Tax Deals That Help You Care for a Parent
Get back from Uncle some of what you give Mom or Dad.
(MONEY Magazine) - Nearly one in five adult children provide financial assistance to an aging parent, spending, according to a study by Georgetown University's Center on an Aging Society, an average of $216 a month. But Uncle Sam can help you offset some of the costs.
• First, clear the hurdles. The IRS has strict rules on who can write off caregiving expenses. Your parent's income must fall below $3,000 in 2005 and $3,200 in 2006. Social Security doesn't count toward the limit, but other income (including dividends, interest and 401(k) withdrawals) does.
Second, you must provide more than 50% of your parent's financial support. In this case, Social Security dollars do count in the calculation, as does the fair market rental value of your parent's home. (If your mom or dad lives with you, the calculation works in your favor.)
• Talk amongst yourselves. Splitting Mom's care between siblings? Only one of you can claim her as a dependent. If you're chipping in equally, experts suggest alternating who takes the deduction each year--or giving it to the sibling who most needs the tax break.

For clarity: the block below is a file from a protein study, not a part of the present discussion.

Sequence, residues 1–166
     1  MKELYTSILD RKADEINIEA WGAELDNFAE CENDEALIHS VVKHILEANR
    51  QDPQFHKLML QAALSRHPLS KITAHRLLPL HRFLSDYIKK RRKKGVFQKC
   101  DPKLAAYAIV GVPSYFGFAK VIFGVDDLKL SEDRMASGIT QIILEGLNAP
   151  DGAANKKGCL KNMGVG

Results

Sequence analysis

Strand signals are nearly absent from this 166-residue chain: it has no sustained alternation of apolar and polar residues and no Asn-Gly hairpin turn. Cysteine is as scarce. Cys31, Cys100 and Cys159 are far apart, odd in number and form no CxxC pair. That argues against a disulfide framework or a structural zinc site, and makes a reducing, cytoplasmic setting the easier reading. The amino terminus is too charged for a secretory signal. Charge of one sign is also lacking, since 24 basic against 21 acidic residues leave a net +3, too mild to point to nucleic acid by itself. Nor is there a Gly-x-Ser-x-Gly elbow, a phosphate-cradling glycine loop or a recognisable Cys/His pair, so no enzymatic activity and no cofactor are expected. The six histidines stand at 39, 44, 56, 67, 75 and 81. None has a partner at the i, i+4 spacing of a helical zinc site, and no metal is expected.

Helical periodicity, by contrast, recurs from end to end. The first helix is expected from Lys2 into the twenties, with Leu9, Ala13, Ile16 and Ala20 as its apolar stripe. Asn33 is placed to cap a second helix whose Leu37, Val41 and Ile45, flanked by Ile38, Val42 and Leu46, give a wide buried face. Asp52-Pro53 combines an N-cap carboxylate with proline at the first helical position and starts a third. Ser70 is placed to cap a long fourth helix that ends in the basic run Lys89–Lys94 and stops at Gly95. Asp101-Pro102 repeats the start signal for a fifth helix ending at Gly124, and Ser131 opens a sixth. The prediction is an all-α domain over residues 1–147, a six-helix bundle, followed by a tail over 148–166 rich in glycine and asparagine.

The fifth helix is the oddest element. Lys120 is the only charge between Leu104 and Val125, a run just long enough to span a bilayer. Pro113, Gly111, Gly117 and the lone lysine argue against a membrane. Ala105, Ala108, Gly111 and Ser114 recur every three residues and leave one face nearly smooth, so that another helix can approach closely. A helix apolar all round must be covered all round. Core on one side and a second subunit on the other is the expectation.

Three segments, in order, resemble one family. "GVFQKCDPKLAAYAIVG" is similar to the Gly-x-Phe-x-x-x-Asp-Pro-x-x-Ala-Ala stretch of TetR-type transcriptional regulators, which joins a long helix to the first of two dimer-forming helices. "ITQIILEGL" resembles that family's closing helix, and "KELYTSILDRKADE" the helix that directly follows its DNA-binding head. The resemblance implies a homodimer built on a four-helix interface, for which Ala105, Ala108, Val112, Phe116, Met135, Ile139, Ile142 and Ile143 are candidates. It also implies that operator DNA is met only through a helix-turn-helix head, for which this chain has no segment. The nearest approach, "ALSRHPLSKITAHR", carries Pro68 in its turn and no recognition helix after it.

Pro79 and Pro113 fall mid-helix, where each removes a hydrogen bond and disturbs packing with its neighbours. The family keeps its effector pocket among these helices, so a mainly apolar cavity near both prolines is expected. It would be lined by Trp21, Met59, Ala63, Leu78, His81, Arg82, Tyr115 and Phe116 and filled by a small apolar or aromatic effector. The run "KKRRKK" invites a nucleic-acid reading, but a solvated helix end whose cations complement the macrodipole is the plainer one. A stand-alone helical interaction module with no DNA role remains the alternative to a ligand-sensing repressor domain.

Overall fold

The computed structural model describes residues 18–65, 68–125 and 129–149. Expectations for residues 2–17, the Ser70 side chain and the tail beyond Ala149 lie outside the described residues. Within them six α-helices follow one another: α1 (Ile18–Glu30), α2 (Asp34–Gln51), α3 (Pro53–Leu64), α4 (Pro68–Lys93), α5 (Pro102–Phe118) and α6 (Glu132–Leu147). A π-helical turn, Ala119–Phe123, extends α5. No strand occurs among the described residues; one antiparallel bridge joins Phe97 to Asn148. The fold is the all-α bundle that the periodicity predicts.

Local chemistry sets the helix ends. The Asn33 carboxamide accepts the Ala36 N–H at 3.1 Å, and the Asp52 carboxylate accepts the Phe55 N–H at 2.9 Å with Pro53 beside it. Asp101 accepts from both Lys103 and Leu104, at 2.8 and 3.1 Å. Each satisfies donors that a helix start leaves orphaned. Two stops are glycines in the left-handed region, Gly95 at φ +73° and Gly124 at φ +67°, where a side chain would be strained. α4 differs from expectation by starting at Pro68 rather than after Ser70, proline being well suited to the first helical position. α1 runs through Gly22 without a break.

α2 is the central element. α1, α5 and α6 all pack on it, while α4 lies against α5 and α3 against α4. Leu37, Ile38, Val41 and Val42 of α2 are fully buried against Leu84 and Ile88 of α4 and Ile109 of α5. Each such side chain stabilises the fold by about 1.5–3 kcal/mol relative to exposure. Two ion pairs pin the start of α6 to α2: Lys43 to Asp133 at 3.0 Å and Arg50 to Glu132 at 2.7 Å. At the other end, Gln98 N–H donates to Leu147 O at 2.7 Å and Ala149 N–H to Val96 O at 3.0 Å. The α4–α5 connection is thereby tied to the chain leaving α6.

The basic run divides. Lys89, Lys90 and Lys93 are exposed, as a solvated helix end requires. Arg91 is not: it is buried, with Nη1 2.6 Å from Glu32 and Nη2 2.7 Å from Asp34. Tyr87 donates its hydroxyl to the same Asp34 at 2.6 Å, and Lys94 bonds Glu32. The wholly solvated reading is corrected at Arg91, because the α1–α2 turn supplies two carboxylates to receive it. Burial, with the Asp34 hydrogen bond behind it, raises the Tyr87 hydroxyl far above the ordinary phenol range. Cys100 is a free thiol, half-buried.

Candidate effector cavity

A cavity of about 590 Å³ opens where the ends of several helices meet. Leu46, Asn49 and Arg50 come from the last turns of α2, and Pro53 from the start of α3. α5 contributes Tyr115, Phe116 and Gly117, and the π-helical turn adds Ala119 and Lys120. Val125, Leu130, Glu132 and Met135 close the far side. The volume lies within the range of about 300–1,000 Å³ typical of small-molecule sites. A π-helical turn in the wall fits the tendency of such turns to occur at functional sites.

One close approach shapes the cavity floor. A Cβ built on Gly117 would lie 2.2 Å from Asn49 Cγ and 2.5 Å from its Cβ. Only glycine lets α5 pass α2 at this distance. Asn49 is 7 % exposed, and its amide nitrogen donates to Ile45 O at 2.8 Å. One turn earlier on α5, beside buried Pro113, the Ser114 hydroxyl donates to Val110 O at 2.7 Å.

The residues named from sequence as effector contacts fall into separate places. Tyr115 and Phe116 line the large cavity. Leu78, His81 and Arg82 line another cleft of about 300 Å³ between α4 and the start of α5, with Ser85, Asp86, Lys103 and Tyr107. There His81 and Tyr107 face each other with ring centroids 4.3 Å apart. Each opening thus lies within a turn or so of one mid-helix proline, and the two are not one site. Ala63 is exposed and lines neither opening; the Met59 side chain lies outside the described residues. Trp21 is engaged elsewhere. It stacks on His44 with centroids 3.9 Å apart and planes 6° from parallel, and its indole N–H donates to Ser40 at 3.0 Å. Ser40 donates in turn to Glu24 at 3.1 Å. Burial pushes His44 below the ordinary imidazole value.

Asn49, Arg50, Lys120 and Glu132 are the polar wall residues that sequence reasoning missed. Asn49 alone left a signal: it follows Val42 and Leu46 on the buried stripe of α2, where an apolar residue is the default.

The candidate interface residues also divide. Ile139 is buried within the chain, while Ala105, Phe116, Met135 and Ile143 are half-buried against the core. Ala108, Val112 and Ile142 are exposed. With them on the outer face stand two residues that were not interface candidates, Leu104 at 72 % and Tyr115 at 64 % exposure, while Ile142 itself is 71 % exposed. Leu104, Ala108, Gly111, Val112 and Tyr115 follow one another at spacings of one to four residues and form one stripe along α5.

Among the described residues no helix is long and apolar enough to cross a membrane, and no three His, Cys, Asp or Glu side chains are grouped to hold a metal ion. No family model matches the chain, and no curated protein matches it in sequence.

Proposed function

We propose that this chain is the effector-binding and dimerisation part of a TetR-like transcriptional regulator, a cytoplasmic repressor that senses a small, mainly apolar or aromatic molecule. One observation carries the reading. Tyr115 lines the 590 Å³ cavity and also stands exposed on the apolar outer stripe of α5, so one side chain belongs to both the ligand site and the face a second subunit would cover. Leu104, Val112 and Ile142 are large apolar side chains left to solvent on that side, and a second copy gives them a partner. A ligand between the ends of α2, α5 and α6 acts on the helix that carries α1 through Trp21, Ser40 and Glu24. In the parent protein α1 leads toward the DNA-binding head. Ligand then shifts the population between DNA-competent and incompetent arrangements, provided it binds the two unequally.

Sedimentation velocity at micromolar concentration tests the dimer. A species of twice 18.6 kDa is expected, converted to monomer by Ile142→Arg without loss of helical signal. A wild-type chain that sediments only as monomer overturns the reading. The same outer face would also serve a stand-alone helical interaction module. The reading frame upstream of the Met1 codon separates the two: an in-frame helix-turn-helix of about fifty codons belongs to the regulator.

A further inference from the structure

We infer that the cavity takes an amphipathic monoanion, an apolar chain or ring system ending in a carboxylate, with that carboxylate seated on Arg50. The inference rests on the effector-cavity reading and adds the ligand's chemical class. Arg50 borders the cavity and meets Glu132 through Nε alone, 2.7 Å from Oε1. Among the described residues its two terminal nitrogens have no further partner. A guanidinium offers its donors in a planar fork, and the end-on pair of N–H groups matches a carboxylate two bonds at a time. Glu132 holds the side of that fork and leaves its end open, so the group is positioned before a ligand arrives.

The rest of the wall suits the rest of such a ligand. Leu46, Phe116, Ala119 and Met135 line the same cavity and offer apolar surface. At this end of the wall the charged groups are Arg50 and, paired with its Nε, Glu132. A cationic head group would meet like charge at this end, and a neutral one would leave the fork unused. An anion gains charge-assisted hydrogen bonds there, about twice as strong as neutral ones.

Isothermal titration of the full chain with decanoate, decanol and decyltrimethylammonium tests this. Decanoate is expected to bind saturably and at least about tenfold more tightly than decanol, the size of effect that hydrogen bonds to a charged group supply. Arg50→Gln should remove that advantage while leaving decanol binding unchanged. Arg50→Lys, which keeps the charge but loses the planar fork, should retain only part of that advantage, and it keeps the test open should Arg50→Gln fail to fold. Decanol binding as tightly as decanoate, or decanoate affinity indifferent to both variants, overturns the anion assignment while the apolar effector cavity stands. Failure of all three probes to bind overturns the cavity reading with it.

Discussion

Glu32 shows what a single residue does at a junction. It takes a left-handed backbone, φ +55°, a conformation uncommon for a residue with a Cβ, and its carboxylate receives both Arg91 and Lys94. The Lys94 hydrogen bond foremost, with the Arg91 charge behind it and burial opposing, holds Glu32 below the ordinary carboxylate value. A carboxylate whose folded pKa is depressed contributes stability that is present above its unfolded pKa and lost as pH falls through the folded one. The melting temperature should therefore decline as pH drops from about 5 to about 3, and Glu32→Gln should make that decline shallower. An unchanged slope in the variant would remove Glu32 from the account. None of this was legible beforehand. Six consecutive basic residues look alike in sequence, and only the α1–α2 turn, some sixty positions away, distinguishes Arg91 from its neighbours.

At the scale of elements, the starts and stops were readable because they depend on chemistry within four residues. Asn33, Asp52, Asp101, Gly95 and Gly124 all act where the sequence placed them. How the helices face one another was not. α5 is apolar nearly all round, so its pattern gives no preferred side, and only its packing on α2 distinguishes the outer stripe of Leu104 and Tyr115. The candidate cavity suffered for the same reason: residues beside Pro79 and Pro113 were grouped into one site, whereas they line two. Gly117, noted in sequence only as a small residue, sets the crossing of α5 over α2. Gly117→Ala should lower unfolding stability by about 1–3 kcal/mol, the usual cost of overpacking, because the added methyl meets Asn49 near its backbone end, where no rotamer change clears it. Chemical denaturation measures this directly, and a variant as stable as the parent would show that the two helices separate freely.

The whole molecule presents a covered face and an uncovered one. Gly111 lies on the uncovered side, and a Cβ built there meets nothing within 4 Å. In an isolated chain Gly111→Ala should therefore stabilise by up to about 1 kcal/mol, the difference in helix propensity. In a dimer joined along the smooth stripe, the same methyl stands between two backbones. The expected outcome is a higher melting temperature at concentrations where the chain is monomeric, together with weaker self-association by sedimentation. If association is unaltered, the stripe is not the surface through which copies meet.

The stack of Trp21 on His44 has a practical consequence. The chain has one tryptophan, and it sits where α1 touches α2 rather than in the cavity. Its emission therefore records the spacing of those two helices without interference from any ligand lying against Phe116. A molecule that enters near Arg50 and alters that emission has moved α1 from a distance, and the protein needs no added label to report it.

• Track medical expenses. Even if your parent makes more than the $3,000 limit, you may be able to deduct some medical expenses. The test: You're footing at least half of the total bill, and medical expenses exceed 7.5% of your adjusted gross income. Alternatively, you can submit those receipts for reimbursement from your health savings account.
• Don't forget day care. If someone cares for your live-in parent while you're at work, you can pay up to $5,000 of the fees with pretax dollars if your employer offers a dependent-care FSA. If an FSA isn't an option, look into the child- and dependent-care credit, which can earn you a 20% to 35% credit on the first $3,000 in expenses.